The Middle East in World Politics (Routledge Revivals)

Routledge
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The Middle East is, and has always been, of major global economic and political importance. First published in 1981, this edited collection analyses many of the crucial issues that have had international repercussions during the second half of the twentieth century, with each paper considering the particular regional problems within the widest possible political framework. Internationally renowned authors consider such areas as the relationship between Israel and the Middle East, the influence of oil on global decision-making, Afghanistan and its neighbours, and the economic issues that the region has faced. A timely and relevant reissue, dealing with problems of continued importance, this volume will be of particular interest to students researching the history of the Middle Eastern conflict and the region’s variety of relationships with the West.
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Publisher
Routledge
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Published on
Mar 18, 2014
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Pages
218
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ISBN
9781317811275
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Language
English
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Genres
Political Science / International Relations / Diplomacy
Political Science / International Relations / General
Social Science / Regional Studies
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This content is DRM protected.
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Eligible for Family Library

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This exciting new edition of the successful textbook for students of Middle Eastern politics provides a highly relevant and comprehensive introduction to the complexities of a region in constant flux. Combining a thematic framework for examining patterns of politics with individual chapters dedicated to specific countries, the book places the very latest developments and long-standing issues within an historical context, introducing key concepts from comparative politics to further explore the interaction between Middle Eastern history and the region’s contemporary political development.

Presenting information in an accessible and inclusive format, the book offers:

• Coverage of the historical influence of colonialism and major world powers on the shaping of the modern Middle East.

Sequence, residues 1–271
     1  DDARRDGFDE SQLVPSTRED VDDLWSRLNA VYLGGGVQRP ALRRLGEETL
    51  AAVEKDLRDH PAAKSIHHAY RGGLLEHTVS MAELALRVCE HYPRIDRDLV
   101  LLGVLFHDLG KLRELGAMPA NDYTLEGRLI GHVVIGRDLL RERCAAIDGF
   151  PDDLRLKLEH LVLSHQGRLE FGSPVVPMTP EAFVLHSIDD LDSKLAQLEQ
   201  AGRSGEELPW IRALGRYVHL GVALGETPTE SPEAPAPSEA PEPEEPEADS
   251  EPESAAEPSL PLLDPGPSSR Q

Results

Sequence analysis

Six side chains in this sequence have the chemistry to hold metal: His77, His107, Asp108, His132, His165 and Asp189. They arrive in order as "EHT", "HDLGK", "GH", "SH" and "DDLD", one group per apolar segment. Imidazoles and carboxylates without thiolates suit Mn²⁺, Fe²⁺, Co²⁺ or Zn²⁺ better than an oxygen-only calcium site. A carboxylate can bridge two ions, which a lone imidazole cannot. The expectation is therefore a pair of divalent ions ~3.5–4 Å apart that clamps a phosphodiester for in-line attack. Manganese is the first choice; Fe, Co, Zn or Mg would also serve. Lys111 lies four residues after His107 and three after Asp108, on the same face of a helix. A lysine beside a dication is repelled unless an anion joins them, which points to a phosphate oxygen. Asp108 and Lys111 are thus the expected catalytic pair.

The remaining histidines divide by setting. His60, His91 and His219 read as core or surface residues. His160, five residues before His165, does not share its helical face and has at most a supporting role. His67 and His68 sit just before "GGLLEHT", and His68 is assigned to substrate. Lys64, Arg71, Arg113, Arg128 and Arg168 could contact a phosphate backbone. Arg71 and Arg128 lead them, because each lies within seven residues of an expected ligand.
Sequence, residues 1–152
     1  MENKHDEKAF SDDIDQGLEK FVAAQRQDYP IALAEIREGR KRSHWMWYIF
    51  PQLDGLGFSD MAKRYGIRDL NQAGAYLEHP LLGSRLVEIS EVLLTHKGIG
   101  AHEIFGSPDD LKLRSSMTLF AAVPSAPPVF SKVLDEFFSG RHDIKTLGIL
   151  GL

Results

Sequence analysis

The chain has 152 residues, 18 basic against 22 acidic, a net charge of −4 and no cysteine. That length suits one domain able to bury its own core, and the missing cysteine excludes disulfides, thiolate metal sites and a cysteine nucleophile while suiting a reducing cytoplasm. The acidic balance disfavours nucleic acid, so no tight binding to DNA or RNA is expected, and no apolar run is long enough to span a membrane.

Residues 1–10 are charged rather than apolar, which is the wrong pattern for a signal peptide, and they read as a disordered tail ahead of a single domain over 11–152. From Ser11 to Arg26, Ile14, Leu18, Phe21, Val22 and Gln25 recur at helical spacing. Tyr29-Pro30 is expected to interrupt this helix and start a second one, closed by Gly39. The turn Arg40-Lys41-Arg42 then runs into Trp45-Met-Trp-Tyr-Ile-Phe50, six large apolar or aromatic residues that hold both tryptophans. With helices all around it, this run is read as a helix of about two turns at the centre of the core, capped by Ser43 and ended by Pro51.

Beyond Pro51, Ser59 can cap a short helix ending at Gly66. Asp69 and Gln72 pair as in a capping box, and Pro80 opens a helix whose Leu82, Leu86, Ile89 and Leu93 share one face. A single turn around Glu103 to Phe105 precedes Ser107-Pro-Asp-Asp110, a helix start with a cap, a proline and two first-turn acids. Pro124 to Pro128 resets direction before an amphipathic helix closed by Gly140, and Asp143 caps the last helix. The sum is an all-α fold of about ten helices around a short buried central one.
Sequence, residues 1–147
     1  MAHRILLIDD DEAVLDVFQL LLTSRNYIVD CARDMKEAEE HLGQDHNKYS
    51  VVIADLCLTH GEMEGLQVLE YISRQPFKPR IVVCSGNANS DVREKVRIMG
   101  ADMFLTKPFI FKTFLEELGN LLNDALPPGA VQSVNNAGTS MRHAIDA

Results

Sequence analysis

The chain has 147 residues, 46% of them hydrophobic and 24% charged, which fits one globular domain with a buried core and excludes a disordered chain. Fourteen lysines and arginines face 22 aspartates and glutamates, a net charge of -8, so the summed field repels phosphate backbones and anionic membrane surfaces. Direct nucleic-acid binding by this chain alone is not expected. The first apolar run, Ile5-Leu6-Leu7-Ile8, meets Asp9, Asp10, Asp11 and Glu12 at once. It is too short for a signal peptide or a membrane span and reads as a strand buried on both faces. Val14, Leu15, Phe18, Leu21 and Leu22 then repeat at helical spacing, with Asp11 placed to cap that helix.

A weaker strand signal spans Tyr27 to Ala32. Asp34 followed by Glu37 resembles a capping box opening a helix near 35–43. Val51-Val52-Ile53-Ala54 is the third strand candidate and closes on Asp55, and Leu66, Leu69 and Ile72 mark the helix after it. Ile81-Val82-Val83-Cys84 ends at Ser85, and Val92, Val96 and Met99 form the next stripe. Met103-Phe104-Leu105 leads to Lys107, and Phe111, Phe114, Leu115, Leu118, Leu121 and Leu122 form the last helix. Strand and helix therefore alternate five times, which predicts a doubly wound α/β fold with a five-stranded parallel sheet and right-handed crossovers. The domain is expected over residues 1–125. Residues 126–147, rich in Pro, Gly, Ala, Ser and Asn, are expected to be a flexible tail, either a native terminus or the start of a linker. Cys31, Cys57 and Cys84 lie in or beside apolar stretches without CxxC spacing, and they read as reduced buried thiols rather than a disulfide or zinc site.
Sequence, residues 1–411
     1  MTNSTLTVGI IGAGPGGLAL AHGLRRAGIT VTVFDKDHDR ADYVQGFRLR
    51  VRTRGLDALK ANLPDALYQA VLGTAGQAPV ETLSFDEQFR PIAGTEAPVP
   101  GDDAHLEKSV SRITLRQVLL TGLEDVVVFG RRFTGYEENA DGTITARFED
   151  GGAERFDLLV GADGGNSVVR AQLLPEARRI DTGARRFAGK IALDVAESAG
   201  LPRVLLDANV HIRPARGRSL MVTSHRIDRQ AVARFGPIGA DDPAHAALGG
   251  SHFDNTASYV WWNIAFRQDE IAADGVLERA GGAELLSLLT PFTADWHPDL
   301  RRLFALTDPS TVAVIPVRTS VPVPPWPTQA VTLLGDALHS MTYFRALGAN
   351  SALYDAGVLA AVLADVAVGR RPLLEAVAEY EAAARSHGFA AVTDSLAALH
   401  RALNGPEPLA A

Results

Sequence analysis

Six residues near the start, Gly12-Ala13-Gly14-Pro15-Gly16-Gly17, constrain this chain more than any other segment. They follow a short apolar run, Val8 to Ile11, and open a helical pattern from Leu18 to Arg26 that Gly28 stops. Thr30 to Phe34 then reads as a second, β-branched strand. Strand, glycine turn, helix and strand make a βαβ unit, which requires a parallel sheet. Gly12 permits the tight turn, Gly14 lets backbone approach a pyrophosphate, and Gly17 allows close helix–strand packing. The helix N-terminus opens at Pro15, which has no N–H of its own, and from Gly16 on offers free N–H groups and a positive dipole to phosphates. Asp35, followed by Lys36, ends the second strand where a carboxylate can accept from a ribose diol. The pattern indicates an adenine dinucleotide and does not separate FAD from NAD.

• A detailed examination of the legacy of Islam.

• Analysis of the political and social aspects of Middle Eastern life: alienation between state and society, poverty and social inequality, ideological crises and renewal.

• Case studies on countries in the Northern Belt (Turkey and Iran); the Fertile Crescent (Iraq, Syria and Lebanon, Israel/Palestine); and those West and East of the Red Sea (Egypt and the members of the Gulf Cooperation Council), moving through an historical examination to close analysis of the most recent developments and their political and social impacts.

• Extensive pedagogical features, including original maps and further reading sections, provide essential support for the reader.

A key introductory text for students of Middle Eastern politics and history at advanced undergraduate and postgraduate levels, this new edition has been extensively updated to also become a timely and significant reference for policy-makers and any motivated reader.

Analysts and pundits from across the American political spectrum describe Islamic fundamentalism as one of the greatest threats to modern, Western-style democracy. Yet very few non-Muslims would be able to venture an accurate definition of political Islam. Mohammed Ayoob's The Many Faces of Political Islam thoroughly describes the myriad manifestations of this rising ideology and analyzes its impact on global relations. "In this beautifully crafted and utterly compelling book, Mohammed Ayoob accomplishes admirably the difficult task of offering a readily accessible yet nuanced and comprehensive analysis of an issue of enormous political importance. Both students and specialists will learn a great deal from this absolutely first-rate book."
---Peter J. Katzenstein, Walter S. Carpenter, Jr. Professor of International Studies and Stephen H. Weiss Presidential Teaching Fellow, Cornell University "Dr. Ayoob addresses the nuances and complexities of political Islam---be it mainstream, radical, or militant---and offers a road map of the pivotal players and issues that define the movement. There is no one as qualified as Mohammed Ayoob to write a synthesis of various manifestations of political Islam. His complex narrative highlights the changes and shifts that have taken place within the Islamist universe and their implications for internal Muslim politics and relations between the world of Islam and the Christian world."
---Fawaz A. Gerges, Carnegie Scholar, and holds the Christian A. Johnson Chair in International Affairs and Middle Eastern Studies, Sarah Lawrence College "Let's hope that many readers---not only academics but policymakers as well---will use this invaluable book."